A whorl on the ring finger indicates strong concentration in activities. Don’t interrupt this person when on the phone. They become quite upset, flustered and possibly angry, when their concentration is broken. They need to be allowed to complete their tasks before starting the next one. By contrast, the loop on the same finger indicates one who can take interruption with equanimity, and would be a far better selection for a busy receptionists’ position. A whorl on the little finger represents one who will speak up even if what she has to say has nothing to do with the conversation, so long as it appears to that subject to be of importance. These are the natural comptrollers, quality control engineers and whistle blowers of society. The loop is more likely to represent one who would go along with the flow of the conversation and blend in.
We find in the peacock’s eye a sign of the performer. In each area it is found, the person will more likely concentrate his or her talents if there is a prospective audience. Otherwise, they will have the roving interests represented by the loops.
Earlier scientific studies related dermatological marking developments to the first four months of gestation, according to Dr. Eugene Scheimann, M.D.(111). or in the second trimester according to Dr. Theodore J. Berry, M.D., F.A.C.P.(112) Schaumann and Alter(113) describe the process more accurately and in detail as taking place early in fetal development and being genetically determined while being modified by environmental forces as exemplified by exposure to Rubella(114) and Thalidomide(115).
According to Schaumann and Alter, the process of dermal ridge formation begins with the formation of fetal volar pads. These are mound-shaped formations of mesenchymal tissue elevated over the end of the most distal metacarpal bone on each finger, in the interdigital areas just below the fingers, and on the hypothenar and thenar areas of the palms and soles. Secondary pads are found in other areas such as in the center of the palm and on the proximal phalanges. The fingertip formations of volar pads are first visible in the sixth to seventh week of development. William J. Babler indicates the epidermal ridges first appear in the form of localized cell proliferations around the 10th to 11th week of gestation. These proliferations form shallow corrugations that project into the superficial layer of the dermis. The number of ridges continue to increase, being formed either between or adjacent to existing ridges. It is during this period of primary ridge formation that the characteristic patterns are formed.(116) At about 14 weeks the primary ridge formation ceases and secondary ridges begin to form as sweat gland anlagen begin to develop along the apices of the primary ridges at uniform intervals. At this time the epidermal ridges first begin to appear on the volar surfaces. The dermal papillae are reported to develop in the valleys between the ridges on the deep surface of the epidermis around the 24th week. Until then the morphology of primary and secondary ridges appears as a smooth ridge of tissue and thereafter peg like structures, the dermal papillae, characteristic of the definitive dermal ridges are progressively formed.(117)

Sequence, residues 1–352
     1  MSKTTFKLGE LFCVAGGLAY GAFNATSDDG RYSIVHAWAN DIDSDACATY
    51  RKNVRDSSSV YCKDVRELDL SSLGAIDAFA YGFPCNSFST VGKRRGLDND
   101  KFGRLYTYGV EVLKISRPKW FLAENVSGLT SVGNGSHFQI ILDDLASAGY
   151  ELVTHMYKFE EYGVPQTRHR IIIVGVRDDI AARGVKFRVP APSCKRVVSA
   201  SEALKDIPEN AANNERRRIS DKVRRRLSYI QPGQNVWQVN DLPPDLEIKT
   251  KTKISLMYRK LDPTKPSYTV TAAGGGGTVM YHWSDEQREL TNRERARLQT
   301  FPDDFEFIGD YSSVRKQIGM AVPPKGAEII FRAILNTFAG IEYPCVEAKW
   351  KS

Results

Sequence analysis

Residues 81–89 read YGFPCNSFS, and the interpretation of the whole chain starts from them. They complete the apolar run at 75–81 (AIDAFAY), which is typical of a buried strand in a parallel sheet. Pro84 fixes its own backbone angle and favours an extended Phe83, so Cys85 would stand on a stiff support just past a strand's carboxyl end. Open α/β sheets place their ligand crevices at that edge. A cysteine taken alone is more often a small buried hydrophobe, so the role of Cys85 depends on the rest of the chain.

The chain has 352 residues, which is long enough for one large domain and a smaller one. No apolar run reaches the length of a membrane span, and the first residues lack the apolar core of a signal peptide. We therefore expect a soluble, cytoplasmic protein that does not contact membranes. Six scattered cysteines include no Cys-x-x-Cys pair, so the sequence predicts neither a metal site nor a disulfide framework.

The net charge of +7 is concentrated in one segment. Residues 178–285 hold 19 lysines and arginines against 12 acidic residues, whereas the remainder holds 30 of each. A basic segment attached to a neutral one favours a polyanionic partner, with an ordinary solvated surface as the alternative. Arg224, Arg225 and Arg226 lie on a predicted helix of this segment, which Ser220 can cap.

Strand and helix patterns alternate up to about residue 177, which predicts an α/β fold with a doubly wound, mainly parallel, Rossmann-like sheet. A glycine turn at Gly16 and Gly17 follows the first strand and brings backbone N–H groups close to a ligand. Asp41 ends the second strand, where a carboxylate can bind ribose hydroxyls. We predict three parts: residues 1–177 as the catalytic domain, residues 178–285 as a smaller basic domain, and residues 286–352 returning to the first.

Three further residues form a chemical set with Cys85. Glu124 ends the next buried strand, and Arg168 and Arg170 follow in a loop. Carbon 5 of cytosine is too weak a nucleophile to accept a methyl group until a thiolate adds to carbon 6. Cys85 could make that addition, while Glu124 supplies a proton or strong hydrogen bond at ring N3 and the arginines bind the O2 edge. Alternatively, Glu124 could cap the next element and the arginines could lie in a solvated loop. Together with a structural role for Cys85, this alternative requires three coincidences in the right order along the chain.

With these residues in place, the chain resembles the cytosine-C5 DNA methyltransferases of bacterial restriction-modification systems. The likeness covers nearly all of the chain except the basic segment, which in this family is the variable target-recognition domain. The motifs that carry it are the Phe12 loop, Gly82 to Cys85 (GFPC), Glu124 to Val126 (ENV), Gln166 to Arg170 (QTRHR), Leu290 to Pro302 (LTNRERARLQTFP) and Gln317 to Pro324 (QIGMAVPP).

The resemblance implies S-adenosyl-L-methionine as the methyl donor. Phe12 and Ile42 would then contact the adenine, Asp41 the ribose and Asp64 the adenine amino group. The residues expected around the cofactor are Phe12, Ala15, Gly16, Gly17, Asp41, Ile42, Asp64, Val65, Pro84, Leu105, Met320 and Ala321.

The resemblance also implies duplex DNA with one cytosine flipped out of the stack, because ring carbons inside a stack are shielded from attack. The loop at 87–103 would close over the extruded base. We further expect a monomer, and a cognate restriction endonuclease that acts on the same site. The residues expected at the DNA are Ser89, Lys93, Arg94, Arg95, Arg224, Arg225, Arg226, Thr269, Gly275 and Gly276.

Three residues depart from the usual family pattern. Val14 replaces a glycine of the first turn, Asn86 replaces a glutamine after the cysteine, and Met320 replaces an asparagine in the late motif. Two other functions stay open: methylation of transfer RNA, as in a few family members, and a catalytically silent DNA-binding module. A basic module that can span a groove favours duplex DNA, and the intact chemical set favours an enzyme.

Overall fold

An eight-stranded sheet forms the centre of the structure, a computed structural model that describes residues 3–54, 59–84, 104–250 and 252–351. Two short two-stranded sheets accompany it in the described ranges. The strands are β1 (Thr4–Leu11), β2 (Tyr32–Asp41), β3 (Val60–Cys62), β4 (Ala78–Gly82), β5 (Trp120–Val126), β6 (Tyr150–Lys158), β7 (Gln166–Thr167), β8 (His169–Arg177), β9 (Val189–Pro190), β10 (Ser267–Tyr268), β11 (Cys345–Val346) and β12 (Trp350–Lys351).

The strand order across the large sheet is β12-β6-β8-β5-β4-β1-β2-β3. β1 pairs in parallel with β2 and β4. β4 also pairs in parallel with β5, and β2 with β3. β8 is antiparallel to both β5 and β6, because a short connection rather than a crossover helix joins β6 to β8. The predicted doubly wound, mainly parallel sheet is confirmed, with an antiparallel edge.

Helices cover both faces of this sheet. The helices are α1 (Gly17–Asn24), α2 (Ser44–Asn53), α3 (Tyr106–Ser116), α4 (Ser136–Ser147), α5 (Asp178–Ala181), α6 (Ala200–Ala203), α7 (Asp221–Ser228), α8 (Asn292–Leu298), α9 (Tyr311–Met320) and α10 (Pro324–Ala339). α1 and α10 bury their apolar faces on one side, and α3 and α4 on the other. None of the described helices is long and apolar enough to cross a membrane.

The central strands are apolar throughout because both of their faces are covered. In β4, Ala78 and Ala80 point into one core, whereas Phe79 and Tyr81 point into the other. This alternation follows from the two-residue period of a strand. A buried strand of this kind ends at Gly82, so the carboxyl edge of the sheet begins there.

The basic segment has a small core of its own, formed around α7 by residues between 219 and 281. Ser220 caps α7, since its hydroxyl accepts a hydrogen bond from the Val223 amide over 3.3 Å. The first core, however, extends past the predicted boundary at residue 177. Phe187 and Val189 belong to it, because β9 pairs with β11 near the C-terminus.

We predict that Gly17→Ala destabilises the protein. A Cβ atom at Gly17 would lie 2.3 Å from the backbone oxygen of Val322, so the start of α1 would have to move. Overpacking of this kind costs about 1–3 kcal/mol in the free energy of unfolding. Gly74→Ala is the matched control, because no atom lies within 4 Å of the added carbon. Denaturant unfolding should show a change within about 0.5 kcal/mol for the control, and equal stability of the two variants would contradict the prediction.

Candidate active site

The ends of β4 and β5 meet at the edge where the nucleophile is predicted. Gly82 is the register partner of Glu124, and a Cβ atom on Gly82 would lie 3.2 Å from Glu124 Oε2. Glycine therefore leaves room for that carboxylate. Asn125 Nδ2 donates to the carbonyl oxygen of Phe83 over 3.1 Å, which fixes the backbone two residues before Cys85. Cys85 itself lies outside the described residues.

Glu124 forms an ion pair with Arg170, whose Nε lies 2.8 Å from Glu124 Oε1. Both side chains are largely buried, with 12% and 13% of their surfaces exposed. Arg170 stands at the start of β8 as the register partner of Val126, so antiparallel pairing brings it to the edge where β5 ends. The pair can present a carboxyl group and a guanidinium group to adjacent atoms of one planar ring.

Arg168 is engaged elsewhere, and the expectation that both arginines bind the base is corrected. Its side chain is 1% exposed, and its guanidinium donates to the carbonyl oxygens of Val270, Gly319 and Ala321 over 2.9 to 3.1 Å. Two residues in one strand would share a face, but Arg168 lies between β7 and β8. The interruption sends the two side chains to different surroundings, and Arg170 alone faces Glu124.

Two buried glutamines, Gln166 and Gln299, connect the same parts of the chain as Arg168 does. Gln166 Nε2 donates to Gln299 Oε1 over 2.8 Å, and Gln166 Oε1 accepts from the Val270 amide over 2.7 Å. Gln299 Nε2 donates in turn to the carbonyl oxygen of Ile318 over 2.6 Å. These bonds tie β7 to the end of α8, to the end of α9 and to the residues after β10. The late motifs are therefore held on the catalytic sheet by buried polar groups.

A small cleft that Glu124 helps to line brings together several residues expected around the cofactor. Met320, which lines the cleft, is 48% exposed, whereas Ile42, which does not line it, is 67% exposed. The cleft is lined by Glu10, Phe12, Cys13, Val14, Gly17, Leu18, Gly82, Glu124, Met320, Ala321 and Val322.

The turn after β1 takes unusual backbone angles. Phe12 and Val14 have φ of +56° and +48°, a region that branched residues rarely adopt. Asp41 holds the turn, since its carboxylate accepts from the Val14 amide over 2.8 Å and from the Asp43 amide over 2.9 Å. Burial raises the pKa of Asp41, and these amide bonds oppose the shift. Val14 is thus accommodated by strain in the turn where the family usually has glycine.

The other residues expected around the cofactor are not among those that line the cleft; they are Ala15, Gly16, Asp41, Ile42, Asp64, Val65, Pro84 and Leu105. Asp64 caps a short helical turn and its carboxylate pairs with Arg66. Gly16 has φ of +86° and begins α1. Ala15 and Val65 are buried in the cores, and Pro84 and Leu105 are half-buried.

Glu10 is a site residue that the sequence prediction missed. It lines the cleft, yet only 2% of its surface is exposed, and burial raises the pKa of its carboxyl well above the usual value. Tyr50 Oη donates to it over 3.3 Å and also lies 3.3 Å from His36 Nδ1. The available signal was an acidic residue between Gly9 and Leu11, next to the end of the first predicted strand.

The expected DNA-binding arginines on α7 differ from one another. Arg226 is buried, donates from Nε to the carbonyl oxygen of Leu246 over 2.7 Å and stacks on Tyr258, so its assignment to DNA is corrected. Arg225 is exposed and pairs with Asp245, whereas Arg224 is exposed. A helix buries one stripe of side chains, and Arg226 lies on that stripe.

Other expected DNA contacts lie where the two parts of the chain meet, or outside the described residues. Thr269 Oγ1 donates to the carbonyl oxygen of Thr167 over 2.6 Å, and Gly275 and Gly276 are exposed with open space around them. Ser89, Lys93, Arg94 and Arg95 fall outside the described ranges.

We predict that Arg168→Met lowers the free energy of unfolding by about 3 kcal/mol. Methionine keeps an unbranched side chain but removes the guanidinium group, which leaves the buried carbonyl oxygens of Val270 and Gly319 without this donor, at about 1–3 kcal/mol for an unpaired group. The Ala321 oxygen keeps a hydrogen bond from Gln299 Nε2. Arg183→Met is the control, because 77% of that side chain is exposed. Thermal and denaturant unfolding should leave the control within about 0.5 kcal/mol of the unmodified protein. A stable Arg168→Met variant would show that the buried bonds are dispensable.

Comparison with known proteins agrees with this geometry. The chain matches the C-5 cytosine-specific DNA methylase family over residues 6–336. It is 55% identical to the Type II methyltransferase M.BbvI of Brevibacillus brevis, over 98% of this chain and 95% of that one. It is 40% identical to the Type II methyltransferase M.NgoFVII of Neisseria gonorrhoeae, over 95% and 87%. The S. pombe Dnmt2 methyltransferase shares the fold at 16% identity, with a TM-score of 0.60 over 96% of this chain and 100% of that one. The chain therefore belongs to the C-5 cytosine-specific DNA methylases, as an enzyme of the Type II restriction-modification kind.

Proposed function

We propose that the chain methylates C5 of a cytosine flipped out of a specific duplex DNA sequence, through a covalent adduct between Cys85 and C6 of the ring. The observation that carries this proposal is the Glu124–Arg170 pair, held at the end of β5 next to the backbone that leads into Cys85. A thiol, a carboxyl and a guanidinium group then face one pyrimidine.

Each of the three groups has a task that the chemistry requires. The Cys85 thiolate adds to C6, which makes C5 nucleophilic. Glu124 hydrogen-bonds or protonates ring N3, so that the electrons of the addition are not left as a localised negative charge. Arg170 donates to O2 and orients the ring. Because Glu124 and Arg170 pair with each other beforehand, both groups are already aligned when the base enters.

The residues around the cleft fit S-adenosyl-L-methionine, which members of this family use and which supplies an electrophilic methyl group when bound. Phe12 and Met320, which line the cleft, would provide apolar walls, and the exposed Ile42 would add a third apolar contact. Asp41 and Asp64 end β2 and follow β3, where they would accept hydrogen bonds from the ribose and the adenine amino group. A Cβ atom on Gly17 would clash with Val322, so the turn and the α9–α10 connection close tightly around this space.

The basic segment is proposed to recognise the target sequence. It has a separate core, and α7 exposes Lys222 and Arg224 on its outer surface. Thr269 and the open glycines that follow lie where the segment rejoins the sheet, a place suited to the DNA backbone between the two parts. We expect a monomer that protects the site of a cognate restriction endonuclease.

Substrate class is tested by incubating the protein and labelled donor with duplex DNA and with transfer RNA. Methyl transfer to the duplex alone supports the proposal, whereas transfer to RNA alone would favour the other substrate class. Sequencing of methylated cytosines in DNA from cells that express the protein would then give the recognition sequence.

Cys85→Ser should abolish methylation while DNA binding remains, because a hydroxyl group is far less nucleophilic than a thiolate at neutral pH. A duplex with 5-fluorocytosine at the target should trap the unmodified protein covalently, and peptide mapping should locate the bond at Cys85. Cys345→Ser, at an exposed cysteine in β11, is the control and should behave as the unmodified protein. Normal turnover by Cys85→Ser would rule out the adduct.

Babler reports the there is a relationship between the volar pad shape and the epidermal ridge configuration, specifically narrow volar pads related to whorl patterns. There was also a suggestion of association between the shape of the distal phalanx and the pattern type and significant correlations between the bony skeleton of the hand and the epidermal ridge dimensions. If is also suggested that the underlying bony skeleton correlates with the ridge configuration. Also, time of ossification may be a key factor in ridge patterning.(118)
It had been believed that the critical period of development of ridge formation began in the fetus of approximately 70-mm crown-rump length, or about 12 weeks of age.(119) However, we believe this has to be set at a considerably earlier time. The volar pads become visible around the 6th to 7th week of gestation.(120) In addition, clinical evidence supports the finding of arch patterns with shortened distal phalanges or short fingers because of the shortening of their bony parts (brachytactyly).(121) Brachymesophalangia-5 (short-middle phalange) has been detected as early as 41 mm Crown Rump Length growth of the fetus (prior to the 10th week) and prior to the formation of the epidermal ridges.(122) More recently Babler indicated that ossification of the distal phalanges appears to play a key role in epidermal ridge configuration and that any association of pattern type with the length of phalanges may be related to the ossification process of the distal phalanges rather than their size.(123)